David Cameron number10gov/Flickr

Attention aux erreurs de raisonnement, même pour une bonne cause

NEW YORK – Le dirigeant fasciste norvégien dont le nom est devenu synonyme de coopération avec le diable, Vidkun Quisling, vivait avec sa femme dans une magnifique villa proche d'Oslo. Cette villa héberge maintenant le Centre norvégien pour l'étude de l'Holocauste et des religions minoritaires, une transformation bienvenue pour un tel lieu.

Au début de l'année j'y suis allé pour voir une exposition fascinante sur la première Constitution norvégienne promulguée en 1814, un texte profondément humaniste et progressiste, enraciné dans l'Histoire, le droit et la philosophie. Certains de ses auteurs, des experts, étaient des spécialistes de la Grèce antique, d'autres de la culture hébraïque, et tous des lecteurs attentifs de Kant et de Voltaire.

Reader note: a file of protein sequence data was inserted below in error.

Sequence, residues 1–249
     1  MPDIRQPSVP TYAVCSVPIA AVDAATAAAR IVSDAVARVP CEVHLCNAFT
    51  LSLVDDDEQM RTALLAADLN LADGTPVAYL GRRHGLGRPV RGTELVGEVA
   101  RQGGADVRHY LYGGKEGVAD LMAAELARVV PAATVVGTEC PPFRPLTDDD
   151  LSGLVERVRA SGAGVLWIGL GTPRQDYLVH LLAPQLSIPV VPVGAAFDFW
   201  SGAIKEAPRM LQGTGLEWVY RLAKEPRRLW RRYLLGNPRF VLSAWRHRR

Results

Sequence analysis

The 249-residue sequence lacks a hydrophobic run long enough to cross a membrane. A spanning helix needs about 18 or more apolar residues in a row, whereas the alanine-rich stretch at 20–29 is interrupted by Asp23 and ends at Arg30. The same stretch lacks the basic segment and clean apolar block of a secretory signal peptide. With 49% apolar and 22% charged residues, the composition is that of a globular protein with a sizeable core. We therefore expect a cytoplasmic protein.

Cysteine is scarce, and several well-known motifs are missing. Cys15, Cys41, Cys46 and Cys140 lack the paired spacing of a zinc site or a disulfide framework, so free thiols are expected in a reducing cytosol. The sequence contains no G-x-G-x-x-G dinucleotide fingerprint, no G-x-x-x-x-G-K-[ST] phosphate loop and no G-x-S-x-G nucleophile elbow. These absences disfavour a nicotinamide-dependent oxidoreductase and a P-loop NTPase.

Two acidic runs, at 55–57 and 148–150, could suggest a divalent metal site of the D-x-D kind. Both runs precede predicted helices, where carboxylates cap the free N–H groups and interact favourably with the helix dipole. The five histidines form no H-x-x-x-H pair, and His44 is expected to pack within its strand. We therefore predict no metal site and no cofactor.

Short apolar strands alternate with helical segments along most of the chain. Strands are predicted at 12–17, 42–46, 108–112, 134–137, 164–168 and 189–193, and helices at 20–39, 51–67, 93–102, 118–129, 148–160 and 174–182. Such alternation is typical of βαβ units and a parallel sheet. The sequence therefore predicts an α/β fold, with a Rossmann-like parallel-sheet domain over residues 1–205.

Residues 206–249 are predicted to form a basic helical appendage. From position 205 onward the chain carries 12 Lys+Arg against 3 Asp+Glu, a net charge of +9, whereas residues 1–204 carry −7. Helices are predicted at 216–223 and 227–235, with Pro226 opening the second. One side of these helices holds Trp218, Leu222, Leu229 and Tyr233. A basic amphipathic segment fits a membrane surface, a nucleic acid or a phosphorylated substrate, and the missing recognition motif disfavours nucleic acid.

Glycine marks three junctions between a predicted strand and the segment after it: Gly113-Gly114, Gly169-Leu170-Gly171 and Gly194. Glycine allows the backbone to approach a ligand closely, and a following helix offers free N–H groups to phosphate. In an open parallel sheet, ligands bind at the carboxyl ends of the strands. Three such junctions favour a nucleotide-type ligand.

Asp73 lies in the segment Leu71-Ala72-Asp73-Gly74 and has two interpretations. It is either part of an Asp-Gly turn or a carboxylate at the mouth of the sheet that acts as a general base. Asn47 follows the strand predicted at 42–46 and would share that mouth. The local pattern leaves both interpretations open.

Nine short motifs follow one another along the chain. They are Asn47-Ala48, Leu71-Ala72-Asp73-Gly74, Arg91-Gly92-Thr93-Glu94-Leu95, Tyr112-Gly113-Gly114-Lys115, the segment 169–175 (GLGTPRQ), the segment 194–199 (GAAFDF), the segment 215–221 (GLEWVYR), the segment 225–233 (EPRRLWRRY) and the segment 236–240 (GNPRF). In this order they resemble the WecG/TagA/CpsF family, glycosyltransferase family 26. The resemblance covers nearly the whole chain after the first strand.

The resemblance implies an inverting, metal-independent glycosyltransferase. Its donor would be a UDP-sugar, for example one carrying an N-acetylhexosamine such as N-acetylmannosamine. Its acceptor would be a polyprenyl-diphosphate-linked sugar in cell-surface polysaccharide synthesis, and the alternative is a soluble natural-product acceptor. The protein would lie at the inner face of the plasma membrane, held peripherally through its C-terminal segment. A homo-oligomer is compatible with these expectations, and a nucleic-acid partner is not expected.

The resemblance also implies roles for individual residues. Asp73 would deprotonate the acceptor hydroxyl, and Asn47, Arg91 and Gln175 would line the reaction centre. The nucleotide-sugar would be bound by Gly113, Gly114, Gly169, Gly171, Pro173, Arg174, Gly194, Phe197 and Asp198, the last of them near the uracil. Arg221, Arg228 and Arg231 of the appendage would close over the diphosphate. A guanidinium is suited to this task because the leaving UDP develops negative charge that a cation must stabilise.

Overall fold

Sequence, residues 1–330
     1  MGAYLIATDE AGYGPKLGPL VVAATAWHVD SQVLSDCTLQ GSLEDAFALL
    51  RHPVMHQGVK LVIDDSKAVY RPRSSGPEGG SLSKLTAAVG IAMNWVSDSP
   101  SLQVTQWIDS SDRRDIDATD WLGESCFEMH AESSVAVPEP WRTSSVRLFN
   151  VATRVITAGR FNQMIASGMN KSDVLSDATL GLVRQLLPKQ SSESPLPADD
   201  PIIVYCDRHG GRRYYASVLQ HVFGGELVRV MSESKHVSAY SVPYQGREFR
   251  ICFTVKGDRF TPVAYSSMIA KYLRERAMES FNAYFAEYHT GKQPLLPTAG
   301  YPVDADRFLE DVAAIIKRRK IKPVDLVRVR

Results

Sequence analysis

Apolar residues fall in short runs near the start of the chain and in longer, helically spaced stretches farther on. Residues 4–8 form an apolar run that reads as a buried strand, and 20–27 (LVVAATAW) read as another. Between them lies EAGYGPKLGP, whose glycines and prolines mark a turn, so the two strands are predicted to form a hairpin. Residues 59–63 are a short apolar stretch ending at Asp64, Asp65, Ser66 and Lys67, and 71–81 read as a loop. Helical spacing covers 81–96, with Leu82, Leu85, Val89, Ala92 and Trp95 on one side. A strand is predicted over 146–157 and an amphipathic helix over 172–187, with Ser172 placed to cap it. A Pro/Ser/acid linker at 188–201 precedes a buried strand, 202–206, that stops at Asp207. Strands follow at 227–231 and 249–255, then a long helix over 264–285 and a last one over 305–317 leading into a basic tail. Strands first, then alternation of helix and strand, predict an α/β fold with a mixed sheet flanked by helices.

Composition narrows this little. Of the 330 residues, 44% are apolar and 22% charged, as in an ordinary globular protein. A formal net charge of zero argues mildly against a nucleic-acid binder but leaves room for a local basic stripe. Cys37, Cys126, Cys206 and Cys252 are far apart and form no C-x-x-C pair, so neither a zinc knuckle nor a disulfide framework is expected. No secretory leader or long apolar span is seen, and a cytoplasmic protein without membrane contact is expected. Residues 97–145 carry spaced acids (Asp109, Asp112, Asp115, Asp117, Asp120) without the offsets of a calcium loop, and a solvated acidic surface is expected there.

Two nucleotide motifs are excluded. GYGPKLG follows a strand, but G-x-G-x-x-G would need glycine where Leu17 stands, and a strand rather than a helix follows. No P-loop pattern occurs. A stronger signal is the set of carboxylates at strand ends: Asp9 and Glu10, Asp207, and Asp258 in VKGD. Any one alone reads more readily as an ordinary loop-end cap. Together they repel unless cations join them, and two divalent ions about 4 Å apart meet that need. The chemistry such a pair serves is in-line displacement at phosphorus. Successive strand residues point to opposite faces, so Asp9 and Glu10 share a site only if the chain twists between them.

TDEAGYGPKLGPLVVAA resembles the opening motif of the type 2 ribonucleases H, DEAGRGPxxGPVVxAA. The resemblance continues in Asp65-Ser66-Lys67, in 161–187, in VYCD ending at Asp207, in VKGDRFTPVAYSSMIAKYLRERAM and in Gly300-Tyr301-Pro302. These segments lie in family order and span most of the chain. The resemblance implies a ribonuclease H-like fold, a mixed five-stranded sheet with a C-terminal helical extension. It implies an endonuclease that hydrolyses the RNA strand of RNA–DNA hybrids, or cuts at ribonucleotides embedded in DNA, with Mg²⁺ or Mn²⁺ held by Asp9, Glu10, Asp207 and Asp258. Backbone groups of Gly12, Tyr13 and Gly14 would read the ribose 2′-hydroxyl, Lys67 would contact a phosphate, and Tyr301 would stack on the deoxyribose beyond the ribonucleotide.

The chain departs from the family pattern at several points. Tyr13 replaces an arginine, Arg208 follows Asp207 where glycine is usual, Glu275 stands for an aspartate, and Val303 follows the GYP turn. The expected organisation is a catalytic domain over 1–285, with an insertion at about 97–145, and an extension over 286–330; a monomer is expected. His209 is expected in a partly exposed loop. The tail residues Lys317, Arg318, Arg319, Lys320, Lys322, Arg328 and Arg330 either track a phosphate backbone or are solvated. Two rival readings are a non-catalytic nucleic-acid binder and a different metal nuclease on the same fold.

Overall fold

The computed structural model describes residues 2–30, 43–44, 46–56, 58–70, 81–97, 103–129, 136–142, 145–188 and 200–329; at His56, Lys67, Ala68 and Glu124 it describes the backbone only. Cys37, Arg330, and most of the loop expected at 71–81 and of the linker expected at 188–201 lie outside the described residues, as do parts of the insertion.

Néanmoins cette Constitution comporte une clause surprenante : son article II qui établit la liberté de religion dans cet Etat luthérien décrète que "les Juifs ne pourront pas s'établir dans le royaume". C'était étrange, même à cette époque. Napoléon qui avait été vaincu cette année là avait garanti les droits civiques des juifs dans les pays qu'il avait conquis. Et peu avant l'introduction de cette clause dans la Constitution norvégienne, le roi du Danemark avait garanti la citoyenneté des juifs dans son royaume.

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